After the story, Wesley asked one of them if they were afraid. He said no of them were. They were so confident not only in their salvation but that God held them safely in the storm. Wesley realized they had something he wanted. They had absolute trust in God. It didn’t matter where they were or what was going on, they were aware of God’s presence. Worship isn’t simply what we do, occasionally. Worship is the product of who we are. We worship because we believe.

Isaiah 1 raises an important connection between who we are, what we believe, worship, and the justice we have in this world. Wesley did not start the Methodists in order to be famous. He started it because he “felt his heart warmed” and he wanted other people to experience it too.

The Prophet’s Intent

At first glance, Isaiah 1 feels like a rejection of worship, but that’s not the prophet’s intent. It would be easy to take these verses and apply them to tearing down the form and fabric of our worship. In other words, we could see 1.15 as a condemnation some types of worship, “When you stretch out your hands, I will hide my eyes from you.”

That’s not the prophet’s point. He invites people to be sincere. Isaiah 1.17 calls for faith like Martin Luther describes in his Preface to Romans. “Learn to do good; seek justice, rescue the oppressed, defend the orphan, and plead for the widow.”

Instead of empty actions, worship is lived and doing is at the heart of this passage. The emphasis is on right actions rather than right thinking: orthopraxis over orthodoxy. In other words, doing the right thing is more important than thinking the right thing.

By implication, if you do the right thing, you will be transformed. God can work with right actions, but right thinking with no accompanying action is much more difficult. After Martin Luther read John Calvin’s defense of the Reformation, he said, “Here is writing with hands and feet.”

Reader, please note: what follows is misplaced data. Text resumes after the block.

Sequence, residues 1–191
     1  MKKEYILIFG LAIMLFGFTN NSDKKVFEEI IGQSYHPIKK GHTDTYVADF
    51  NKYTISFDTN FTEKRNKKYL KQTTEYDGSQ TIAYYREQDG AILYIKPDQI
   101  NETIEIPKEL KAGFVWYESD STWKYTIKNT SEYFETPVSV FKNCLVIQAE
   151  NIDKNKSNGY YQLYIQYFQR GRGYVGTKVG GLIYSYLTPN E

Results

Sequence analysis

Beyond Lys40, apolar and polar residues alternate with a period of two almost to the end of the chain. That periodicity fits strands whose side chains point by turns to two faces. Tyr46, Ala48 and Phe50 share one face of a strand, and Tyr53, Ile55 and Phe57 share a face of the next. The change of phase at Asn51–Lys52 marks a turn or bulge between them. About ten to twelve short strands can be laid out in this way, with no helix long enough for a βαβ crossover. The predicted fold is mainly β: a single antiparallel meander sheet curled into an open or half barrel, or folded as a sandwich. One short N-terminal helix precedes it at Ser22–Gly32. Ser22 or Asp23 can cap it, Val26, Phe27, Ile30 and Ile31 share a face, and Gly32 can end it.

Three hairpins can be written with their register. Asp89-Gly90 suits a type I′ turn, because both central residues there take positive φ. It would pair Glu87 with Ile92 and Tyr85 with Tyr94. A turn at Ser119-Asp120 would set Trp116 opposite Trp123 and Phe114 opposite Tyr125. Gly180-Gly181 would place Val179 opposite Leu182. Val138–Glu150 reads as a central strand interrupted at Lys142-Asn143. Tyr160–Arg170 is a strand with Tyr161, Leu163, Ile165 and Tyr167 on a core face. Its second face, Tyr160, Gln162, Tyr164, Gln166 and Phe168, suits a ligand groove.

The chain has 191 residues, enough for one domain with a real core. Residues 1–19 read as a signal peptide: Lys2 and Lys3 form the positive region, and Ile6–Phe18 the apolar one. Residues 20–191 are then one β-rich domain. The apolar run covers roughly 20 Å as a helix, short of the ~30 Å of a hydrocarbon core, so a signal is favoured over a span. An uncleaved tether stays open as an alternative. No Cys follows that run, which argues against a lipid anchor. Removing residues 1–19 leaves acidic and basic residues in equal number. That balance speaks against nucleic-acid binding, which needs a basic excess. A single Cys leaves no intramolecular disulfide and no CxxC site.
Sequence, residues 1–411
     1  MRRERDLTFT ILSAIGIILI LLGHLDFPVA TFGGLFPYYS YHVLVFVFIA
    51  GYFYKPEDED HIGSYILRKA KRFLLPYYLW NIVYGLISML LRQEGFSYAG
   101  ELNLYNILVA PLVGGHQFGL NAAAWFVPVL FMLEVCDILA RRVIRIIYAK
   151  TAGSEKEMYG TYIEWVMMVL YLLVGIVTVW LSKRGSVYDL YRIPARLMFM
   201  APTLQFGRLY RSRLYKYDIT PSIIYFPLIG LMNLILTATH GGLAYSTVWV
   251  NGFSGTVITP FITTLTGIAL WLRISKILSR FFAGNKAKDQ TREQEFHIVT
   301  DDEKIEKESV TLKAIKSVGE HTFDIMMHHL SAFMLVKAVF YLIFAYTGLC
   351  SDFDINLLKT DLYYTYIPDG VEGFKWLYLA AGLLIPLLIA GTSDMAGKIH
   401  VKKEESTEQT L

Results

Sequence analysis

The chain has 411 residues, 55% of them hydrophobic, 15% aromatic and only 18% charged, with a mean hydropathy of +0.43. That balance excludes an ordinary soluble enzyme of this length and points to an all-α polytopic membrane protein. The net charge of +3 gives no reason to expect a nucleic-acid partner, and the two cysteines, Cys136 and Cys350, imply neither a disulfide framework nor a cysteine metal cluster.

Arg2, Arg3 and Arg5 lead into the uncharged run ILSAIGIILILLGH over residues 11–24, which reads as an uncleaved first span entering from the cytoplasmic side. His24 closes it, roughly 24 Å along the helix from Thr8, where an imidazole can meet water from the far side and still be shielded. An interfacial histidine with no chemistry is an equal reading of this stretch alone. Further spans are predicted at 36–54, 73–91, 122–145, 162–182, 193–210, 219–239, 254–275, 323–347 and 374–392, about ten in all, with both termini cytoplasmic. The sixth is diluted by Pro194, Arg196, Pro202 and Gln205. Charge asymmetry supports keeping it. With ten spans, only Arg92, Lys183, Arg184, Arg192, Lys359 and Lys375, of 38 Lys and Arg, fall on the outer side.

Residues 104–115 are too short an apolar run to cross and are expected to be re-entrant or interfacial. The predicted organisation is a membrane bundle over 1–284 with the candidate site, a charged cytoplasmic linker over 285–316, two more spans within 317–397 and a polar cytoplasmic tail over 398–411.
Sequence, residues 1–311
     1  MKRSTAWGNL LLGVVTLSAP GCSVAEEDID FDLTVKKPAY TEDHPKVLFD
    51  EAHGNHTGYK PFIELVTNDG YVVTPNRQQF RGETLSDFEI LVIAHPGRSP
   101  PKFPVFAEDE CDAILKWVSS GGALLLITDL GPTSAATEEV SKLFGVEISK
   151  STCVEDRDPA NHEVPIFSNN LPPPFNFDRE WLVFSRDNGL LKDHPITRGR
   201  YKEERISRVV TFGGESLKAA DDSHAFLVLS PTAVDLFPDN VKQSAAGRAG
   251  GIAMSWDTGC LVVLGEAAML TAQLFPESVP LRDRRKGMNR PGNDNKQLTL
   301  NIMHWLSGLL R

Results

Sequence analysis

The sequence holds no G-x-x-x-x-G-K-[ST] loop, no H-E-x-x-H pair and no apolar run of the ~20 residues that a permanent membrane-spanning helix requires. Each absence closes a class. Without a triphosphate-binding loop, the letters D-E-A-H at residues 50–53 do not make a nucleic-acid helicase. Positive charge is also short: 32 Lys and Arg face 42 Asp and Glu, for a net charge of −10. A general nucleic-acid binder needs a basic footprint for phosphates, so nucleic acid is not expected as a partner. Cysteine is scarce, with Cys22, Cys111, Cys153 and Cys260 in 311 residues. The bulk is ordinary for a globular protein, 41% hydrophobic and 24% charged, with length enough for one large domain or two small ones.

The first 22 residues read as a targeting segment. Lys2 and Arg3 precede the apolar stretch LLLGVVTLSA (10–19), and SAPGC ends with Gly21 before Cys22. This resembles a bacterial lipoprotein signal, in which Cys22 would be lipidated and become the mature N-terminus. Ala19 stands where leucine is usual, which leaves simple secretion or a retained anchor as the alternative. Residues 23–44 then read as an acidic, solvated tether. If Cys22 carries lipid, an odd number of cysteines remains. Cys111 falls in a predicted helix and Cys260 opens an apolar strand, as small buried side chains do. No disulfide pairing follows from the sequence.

Living Faith

Just like we talked about over and over again last month as we focused our attention on food insecurity, we are to be God’s hands and feet in this world. It doesn’t end with helping those who are hungry. There’s a lot of need in the world. We do not just believe; we believe and live it out.

James 2:17 says, “Faith by itself, if it is not accompanied by action, is dead.” This passage does not leave us with this call to live out our belief. It ends with a wonderful assurance, “Though your sins be like scarlet, they shall be like snow.” God forgives and cleanses our sins away. When we fall short, when we fail to act, when we do not hold our tongue, when we speak unkindly, when we cross on the other side of the road (like the Levite in the story of the Good Samaritan; Luke 10.32), when we see a need and look the other way, when we fail, God forgives.

The prophet calls upon the people listen, engage with God, and put their faith into practice. We do not have to decide between faith and actions. This passage tells us to do both. Amen.


[1] Martin Luther, Preface to the Letter of St. Paul to the Romans, trans. Andrew Thornton (Ft. Wayne, IN: Saint Anselm Abbey, 1983).

[2] John Wesley, The Journal of John Wesley  (Chicago: Moody, 1951).